Outlook, before Friday opening bell

After the rally in March and April, things are still looking a little bit uncertain,economy is facing downward pressure and gross domestic product data due Friday will reflect challenges.

European and Asian equities fell with U.S. stock index futures, weighed down by weakening corporate earnings and subdued economic data. Crude oil retreated from a six-month high, while haven assets including the Japanese yen and gold advanced. Germany announced its fastest GDP growth in two years for the first quarter, before updated figures are released for the euro area. Malaysia unveiled its slowest expansion in six years. U.S. reports are projected to show retail sales increased in April for the first time this year and consumer sentiment climbed in May from a seven-month low. South Korea’s central bank left its key interest rate at a record low.




The MSCI All Country World Index was set for a third weekly decline, its longest losing streak since January. South Africa’s rand and South Korea’s won led declines among emerging-market currencies as the yen strengthened against all of its major counterparts. Australia’s dollar slid to a two-month low amid speculation the central bank will cut interest rates further this year. Crude fell toward $46 a barrel as copper slumped in Shanghai. The 10-year U.S. Treasury yield slipped to a one-month low. Bullish momentum in equities from a February low faltered this month as signs of weakness in the global economy heightened concern about whether central banks’ have the ability to revive growth. Bank of Japan Governor Haruhiko Kuroda said Friday that risks to Japan are tilted to the downside and reiterated that monetary policy will be loosened further if needed. Chinese figures for new loans and money supply are scheduled to come out as early as Friday, while reports on industrial production and retail sales are lined up for Saturday. Industrial output growth is expected to have cooled in April and new loans are estimated to be down more than 40 percent from March. The Shanghai Composite Index dropped for a fourth week, the longest string of losses in two years, and the Hang Seng China Enterprises Index was poised to enter a correction. Hong Kong’s Hang Seng Index slid to a two-month low.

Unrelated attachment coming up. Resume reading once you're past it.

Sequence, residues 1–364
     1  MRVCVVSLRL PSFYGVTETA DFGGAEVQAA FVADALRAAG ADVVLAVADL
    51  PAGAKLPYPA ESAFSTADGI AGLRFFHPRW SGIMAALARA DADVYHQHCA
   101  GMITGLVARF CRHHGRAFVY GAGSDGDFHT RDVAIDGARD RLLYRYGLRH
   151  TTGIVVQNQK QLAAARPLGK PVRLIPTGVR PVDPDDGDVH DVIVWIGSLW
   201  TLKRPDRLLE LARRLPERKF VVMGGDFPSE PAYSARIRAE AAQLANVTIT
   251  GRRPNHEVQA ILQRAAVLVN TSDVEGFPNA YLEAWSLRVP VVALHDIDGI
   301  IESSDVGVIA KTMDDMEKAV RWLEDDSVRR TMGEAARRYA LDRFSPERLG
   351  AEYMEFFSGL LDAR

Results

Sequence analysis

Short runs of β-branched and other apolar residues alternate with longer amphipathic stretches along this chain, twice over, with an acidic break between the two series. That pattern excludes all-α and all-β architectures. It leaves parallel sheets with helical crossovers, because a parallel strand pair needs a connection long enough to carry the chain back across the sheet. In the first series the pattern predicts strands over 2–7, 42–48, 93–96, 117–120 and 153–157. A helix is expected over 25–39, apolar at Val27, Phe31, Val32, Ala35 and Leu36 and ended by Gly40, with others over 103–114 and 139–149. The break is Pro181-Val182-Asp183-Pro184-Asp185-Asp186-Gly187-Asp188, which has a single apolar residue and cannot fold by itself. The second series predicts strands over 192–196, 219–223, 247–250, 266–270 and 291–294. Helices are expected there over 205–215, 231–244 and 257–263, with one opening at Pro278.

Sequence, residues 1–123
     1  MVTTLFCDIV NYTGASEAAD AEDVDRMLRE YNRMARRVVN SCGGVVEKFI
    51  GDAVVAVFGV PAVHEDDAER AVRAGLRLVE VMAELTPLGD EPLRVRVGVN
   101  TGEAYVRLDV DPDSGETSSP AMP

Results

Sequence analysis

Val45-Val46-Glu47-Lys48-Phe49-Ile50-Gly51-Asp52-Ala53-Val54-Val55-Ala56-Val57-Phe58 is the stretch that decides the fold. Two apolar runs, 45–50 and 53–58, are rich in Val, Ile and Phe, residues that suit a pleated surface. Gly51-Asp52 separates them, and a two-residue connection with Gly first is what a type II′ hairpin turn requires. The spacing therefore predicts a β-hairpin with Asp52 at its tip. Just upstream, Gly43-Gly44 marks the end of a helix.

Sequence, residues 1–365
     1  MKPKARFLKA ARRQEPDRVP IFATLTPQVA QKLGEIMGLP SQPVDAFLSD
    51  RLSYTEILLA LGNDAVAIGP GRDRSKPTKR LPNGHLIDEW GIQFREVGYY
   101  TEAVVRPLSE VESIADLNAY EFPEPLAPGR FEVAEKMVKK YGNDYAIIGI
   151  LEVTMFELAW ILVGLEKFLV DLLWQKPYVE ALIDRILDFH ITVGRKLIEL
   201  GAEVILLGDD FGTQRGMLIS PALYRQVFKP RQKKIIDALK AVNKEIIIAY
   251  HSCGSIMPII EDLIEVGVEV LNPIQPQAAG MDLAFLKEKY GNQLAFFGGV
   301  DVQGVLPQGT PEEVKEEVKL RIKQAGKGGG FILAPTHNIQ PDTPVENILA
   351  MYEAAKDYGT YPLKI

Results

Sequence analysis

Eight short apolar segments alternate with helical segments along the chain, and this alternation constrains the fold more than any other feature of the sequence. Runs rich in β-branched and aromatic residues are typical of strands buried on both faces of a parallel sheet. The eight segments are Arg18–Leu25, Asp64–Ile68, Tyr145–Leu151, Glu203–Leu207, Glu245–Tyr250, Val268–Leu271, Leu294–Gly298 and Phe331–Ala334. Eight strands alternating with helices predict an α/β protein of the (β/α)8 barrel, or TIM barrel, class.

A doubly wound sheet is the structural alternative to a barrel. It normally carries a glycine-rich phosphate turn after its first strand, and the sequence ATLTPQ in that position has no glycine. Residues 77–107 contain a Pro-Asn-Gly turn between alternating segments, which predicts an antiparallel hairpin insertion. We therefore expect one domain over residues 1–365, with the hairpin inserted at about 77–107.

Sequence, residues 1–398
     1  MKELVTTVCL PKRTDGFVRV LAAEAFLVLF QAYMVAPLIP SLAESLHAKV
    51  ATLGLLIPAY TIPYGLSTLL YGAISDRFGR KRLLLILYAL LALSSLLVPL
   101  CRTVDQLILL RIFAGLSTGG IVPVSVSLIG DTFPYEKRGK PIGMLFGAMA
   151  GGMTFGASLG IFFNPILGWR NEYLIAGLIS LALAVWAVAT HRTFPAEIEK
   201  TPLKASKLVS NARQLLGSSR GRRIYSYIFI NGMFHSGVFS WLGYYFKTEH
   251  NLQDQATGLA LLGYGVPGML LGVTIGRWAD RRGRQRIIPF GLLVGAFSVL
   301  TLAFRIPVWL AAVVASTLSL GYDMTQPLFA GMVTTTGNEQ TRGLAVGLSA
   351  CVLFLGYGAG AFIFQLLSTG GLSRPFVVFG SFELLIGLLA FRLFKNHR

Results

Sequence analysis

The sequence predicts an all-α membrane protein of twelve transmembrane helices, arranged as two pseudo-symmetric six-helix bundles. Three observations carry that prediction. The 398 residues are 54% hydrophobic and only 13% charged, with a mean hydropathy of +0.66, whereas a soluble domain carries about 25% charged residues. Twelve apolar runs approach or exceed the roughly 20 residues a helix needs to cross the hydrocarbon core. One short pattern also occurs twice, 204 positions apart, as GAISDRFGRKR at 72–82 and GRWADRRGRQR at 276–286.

.Mason ♦